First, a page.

31. 31.
    Corner, J., et al. (2013). Qualitative analysis of patients’ feedback from a PROMs survey of cancer patients in England. British Medical Journal Open. doi:10.1136/bmjopen-2012-002316.Google Scholar
  32. 32.
    De Smedt, M. (2013). Measuring subjective issues of well-being and quality of life in the European Statistical System. Social Indicators Research, 114, 153–167. doi:10.1007/s11205-013-0389-5.CrossRefGoogle Scholar
  33. 33.
    Fagerlind, H., et al. (2010). Patients’ understanding of the concepts of health and quality of life. Patient Education and Counseling, 78, 104–110. doi:10.1016/j.pec.2009.05.016.CrossRefPubMedGoogle Scholar
  34. 34.
    Aaronson, N. K., Muller, M., Cohen, P. D., Essink-Bot, M.-L., Fekkes, M., Sanderman, R., et al. (1998). Translation, validation, and norming of the Dutch language version of the SF-36 Health Survey in community and chronic disease populations. Journal of Clinical Epidemiology, 51(11), 1055–1068.CrossRefPubMedGoogle Scholar
  35. 35.
    Skevington, S. M., Lotfy, M., & O’Connell, K. A. (2004). The World Health Organization’s WHOQOL-BREF quality of life assessment: Psychometric properties and results of the international field trial. A report from the WHOQOL group. Quality of Life Research, 13(2), 299–310.CrossRefPubMedGoogle Scholar
  36. 36.
  37. 37.
    Ketelaars, D., Baars, E., & Kroon, H. (2001). Healing through working. A study of therapeutic communities for persons with psychiatric problems. New York: Mercury Press.Google Scholar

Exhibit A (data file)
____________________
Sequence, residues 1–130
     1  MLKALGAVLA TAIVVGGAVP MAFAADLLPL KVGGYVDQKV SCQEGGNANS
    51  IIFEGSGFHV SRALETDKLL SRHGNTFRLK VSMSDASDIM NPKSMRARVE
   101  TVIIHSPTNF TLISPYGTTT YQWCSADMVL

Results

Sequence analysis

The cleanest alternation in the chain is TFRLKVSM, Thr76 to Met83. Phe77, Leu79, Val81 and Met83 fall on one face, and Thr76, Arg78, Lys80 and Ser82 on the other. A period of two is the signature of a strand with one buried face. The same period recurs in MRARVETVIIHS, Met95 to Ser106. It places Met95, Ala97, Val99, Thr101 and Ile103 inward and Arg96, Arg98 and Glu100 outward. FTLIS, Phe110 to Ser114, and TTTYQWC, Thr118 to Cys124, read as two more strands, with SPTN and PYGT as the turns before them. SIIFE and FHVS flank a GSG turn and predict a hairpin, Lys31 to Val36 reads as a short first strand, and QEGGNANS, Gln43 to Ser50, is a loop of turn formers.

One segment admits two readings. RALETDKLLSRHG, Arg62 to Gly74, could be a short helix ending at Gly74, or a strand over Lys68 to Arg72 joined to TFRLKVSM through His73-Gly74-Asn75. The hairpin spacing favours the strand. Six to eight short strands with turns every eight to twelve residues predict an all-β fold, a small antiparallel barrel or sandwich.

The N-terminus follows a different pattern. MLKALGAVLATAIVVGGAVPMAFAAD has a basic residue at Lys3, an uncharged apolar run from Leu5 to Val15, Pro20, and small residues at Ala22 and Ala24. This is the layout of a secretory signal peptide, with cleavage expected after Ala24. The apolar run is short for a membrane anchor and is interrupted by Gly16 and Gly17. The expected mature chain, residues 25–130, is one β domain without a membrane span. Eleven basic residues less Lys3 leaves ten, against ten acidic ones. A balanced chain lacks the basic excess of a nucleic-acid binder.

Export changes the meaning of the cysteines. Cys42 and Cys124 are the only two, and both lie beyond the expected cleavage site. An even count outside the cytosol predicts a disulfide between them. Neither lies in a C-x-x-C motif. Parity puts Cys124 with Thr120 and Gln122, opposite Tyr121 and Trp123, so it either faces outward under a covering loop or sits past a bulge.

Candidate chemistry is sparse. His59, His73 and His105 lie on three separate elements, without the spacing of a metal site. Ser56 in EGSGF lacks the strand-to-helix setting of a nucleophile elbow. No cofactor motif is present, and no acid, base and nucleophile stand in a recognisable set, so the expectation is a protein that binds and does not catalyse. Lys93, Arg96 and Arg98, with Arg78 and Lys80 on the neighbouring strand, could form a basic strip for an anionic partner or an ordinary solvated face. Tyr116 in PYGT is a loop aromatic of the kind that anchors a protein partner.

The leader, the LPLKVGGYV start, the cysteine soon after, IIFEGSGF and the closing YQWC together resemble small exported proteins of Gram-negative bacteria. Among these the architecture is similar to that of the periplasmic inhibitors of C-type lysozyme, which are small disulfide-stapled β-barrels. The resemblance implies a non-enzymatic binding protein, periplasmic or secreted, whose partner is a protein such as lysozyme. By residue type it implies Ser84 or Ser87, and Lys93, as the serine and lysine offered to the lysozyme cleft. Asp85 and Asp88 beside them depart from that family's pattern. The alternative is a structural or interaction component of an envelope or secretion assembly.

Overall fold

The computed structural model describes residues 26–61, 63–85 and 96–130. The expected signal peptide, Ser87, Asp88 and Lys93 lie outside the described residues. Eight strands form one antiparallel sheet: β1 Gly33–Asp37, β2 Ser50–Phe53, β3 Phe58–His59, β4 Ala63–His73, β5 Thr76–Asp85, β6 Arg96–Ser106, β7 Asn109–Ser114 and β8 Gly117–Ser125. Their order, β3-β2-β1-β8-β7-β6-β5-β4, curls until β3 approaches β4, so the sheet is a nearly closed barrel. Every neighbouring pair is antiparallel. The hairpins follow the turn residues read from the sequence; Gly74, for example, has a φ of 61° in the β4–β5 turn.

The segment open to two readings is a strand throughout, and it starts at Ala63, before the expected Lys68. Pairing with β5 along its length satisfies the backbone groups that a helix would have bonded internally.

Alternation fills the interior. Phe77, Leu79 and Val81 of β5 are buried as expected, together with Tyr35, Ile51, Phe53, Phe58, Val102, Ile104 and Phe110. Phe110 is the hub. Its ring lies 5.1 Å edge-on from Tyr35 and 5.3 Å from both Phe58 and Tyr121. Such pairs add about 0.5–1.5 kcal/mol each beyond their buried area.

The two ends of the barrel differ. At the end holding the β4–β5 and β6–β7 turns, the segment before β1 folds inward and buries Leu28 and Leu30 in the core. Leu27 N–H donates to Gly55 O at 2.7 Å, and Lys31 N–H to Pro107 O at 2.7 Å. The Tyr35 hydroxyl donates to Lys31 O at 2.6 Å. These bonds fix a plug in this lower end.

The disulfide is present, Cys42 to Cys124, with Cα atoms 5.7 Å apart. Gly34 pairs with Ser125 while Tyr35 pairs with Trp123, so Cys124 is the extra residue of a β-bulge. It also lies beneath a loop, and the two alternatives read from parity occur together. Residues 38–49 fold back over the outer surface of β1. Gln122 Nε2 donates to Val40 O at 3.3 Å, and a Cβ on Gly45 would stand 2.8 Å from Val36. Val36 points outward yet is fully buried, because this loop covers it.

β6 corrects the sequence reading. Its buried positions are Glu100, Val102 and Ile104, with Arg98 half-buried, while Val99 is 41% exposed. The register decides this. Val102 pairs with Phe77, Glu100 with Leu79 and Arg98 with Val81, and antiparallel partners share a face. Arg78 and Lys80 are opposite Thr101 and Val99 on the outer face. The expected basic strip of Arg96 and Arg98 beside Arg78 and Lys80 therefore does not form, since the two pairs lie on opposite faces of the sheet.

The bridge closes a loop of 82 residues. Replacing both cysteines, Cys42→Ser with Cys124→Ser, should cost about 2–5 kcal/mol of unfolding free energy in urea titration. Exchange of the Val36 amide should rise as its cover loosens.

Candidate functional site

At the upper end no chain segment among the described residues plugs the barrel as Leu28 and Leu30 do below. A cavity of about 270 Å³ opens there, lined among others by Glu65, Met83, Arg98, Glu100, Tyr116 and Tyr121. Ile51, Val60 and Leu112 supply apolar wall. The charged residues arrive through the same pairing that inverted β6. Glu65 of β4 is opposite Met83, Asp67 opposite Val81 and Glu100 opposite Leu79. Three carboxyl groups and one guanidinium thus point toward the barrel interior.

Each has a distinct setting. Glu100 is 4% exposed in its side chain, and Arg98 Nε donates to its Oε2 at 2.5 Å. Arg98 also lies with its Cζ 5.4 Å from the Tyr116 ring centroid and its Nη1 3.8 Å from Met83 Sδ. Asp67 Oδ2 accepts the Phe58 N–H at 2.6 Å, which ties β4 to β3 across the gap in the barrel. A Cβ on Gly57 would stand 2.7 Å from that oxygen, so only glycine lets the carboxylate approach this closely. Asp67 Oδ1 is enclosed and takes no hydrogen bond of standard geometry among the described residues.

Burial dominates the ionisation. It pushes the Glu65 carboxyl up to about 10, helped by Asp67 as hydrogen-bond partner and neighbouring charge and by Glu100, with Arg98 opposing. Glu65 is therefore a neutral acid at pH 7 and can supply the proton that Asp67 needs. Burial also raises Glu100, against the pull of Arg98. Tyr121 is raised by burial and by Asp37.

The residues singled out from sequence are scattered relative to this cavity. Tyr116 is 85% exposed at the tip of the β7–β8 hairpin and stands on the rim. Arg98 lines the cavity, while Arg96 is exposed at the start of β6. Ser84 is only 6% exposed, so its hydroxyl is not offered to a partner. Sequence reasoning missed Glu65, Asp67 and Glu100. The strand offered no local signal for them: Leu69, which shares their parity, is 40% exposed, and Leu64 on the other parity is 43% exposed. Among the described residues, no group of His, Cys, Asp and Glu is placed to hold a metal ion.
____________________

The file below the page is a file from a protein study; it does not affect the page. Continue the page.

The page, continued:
38. 38.
    Thurmond, V. (2001). The point of triangulation. Journal of Nursing Scholarship, 33(3), 253–258.CrossRefPubMedGoogle Scholar
  39. 39.
    Shih, F. (1998). Triangulation in nursing research: Issues of conceptual clarity and purpose. Journal of advanced nursing, 28(3), 631–641.CrossRefPubMedGoogle Scholar
  40. 40.
    Baars, E. W., et al. (2012). Routine outcome monitoring naar uitwendige therapie in de eerstelijnsgezondheidszorg: resultaten van een eerste pilotonderzoek (Routine outcome monitoring of external applications therapy in primary care: results of a pilot study). In E. W. Baars & J. Hoekman (Eds.), De wetenschappelijke stand van zaken van de uitwendige therapie (Scientific state of affairs of external applications therapy). Hogeschool Leiden: Leiden.Google Scholar
  41. 41.
    Ponstein, A., van Gerven, M., & van der Bie, G. (2011). Healthcare program for depressive disorders: An anthroposophic approach. Leiden: University of Applied Sciences Leiden.Google Scholar
  42. 42.
    Kroenke, K., Spitzer, R. L., & Williams, J. B. (2001). The PHQ-9: Validation of a brief depression severity measure. Journal of General Internal Medicine, 16, 606–613.CrossRefPubMedPubMedCentralGoogle Scholar
  43. 43.
    Wester, F. (1987/1995). Strategieën voor kwalitatief onderzoek (Strategies for qualitative research). Bussum: Coutinho.Google Scholar
  44. 44.
    Baarda, B. (2013). Basisboek kwalitatief onderzoek (Handbook qualitative research). Groningen/Houten: Noordhoff.Google Scholar
  45. 45.
    Glaser, B., & Strauss, A. (1967). The discovery of grounded theory: Strategies for qualitative research. Chicago: Aldine.Google Scholar